People suffer from various types of dental issues, some of which are more complicated to fix than others. Fortunately, thanks to modern innovations in dentistry, there are ways that dentists can address virtually any type of dental problem imaginable. One of the types of dental issues that couldn’t traditionally be addressed back in the early days was a chipped tooth. Now, though, if people happen to chip one of their teeth, there are measures that they can take to get their smiles back to their aesthetically-pleasing appearances.
What Is a Chipped Tooth?
A chipped tooth is a bit different from a broken or cracked one. As its name implies, a chipped tooth usually just has a tiny chip in it that gives it an uneven edge. In fact, chipped teeth account for the majority of dental injuries treated for in the nation. While there might be some pain associated with a chipped tooth, oftentimes the most annoying aspect about a chipped tooth is the uneven appearance that it gives people’s teeth, especially if their chipped tooth is located in the front of their mouths where it is clearly visible when they speak, smile or laugh.
Causes of a Chipped Tooth
There are numerous potential causes of a chipped tooth. Perhaps some of the most common causes include sporting injuries, being hit in the face or mouth, biting down on something extremely hard, falling and hitting the tooth (causing it to chip) and even having cavities that weaken the tooth and causes it to chip. When a tooth becomes chipped, the impact may or may not hurt. In many cases, people experience no pain when their teeth become chipped. However, their tongues usually feel the sharp stab of the chipped off portion of the tooth, and that’s what usually ends up alerting them to the fact that their tooth has become chipped. In other cases, however, if a large portion of the tooth becomes chipped, then some of the nerve endings within the tooth might become damaged, which can be painful.
Ways to Fix a Chipped Tooth
Numerous ways exist to fix a chipped tooth, but the method that a dentist recommends most often is directly related to how serious the chip is. For minor chips, dentists usually suggest reattaching the broken piece of the tooth back to the chipped tooth with a dental resin. Of course, this method is only possible if the patients have retained the chipped portions of their teeth. This is why it’s always important for patients to retain any portions of their chipped teeth that they can instead of simply throwing them away.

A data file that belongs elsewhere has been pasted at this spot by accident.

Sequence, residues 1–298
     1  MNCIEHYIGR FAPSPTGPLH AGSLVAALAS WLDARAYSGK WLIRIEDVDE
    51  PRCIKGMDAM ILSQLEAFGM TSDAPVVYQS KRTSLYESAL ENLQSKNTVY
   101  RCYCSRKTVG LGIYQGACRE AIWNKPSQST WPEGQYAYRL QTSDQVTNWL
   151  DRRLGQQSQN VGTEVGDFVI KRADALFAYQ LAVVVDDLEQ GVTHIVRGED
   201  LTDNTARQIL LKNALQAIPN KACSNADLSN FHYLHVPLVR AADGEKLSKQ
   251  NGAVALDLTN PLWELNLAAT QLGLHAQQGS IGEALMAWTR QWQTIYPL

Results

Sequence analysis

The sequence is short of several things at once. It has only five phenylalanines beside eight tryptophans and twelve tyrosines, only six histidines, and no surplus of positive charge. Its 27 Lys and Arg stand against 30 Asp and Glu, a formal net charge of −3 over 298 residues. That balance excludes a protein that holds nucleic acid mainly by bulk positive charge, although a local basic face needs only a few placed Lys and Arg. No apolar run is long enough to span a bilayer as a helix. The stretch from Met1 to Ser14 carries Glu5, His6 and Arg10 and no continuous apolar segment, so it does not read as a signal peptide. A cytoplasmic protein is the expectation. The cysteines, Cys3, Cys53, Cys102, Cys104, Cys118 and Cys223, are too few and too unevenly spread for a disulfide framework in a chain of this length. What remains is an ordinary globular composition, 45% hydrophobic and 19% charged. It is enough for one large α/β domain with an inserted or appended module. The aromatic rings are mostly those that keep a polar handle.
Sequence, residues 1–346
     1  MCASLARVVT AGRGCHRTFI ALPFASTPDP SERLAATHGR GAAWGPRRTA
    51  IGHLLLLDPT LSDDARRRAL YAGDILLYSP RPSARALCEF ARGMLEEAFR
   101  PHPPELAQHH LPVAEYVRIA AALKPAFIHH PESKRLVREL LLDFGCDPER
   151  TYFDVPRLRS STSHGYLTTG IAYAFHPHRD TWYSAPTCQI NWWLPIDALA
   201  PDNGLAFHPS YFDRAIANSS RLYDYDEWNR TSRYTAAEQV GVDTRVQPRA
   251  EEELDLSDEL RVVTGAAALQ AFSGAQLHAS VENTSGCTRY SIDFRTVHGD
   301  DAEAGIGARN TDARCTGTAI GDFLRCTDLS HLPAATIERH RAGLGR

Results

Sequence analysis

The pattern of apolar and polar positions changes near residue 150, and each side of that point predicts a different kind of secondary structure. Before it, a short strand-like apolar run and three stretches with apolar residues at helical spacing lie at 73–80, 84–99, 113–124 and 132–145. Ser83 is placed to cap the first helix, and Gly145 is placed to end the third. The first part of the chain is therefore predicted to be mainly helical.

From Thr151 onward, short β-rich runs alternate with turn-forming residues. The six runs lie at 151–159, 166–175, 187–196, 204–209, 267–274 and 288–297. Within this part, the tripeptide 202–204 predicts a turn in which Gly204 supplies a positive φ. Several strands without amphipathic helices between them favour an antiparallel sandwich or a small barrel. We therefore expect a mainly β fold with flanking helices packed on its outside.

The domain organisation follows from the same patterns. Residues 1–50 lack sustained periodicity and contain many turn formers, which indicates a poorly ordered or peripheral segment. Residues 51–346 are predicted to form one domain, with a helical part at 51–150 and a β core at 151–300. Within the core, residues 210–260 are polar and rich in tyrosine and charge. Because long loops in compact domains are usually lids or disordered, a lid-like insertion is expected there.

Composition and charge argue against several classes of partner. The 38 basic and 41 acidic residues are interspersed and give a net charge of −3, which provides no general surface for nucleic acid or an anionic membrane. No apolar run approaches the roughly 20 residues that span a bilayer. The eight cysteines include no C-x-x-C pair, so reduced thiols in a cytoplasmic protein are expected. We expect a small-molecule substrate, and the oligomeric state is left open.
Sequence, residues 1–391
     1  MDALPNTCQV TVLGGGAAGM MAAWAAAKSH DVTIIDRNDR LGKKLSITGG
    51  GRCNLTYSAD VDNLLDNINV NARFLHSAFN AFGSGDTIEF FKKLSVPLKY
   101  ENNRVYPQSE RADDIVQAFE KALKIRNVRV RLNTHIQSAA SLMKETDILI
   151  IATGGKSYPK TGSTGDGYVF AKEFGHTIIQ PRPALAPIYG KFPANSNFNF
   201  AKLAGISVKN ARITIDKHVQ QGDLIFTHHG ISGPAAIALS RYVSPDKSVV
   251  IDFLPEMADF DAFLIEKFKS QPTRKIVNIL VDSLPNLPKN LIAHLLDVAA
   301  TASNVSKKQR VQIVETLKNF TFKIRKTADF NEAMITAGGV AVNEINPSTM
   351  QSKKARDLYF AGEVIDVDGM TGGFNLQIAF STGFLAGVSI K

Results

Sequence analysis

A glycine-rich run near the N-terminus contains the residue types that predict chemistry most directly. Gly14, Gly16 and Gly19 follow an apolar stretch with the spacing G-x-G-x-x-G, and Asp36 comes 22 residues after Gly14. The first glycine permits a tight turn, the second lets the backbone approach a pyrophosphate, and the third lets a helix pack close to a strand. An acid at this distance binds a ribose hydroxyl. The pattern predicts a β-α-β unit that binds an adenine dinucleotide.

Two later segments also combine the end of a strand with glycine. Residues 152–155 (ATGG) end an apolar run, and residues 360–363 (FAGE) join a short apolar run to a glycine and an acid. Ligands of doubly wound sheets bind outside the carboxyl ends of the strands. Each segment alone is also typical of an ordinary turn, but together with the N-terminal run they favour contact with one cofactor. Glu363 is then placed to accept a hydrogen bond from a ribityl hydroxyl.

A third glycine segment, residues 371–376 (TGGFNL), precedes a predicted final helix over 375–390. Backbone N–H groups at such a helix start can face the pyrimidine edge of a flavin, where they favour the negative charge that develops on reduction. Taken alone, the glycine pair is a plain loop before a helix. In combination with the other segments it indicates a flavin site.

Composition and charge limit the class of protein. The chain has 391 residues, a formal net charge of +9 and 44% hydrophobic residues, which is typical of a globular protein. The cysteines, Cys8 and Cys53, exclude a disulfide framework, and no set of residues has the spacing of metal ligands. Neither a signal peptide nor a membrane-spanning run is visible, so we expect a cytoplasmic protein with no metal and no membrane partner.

Another method for fixing a minor chipped tooth is to repair the chipped portion with a dental filling material that can make the tooth have an even appearance once again and can also relieve any pain or discomfort associated with the chipped portion of the tooth. Still, in other cases, if the chip is extremely small, the dentist might suggest simply polishing and smoothing out the chipped portion. In more severe cases of chipped teeth, dentists might recommend simply placing a crown over the tooth to improve its appearance as well as to help protect the chipped tooth from sensitivity that can be caused by exposure to air or hot or cold foods and fluids.
How to Care for a Chipped Tooth
People can care for their chipped teeth at home with self-care measures until their dentist appointments arrive to manage any pain associated with the tooth and to help protect the tooth from further chipping. First of all, if the tooth is painful, consider taking some over-the-counter pain medications such as acetaminophen or naproxen, and always be sure to rinse the mouth with salt water. Additionally, people with chipped teeth should avoid eating hard foods. Stick with soft foods or fluids like soup, and avoid biting down on the chipped portion of the offending tooth.
American Association of Endodontists. “Cracked teeth.” Retrieved on February 9, 2016, from http://www.aae.org/patients/symptoms/cracked-teeth.aspx/.
Colgate. “Fractured and broken teeth.” Retrieved on February 9, 2016, from http://www.colgate.com/en/us/oc/oral-health/conditions/dental-emergencies-and-sports-safety/article/fractured-and-broken-teeth.
American Association of Endodontists
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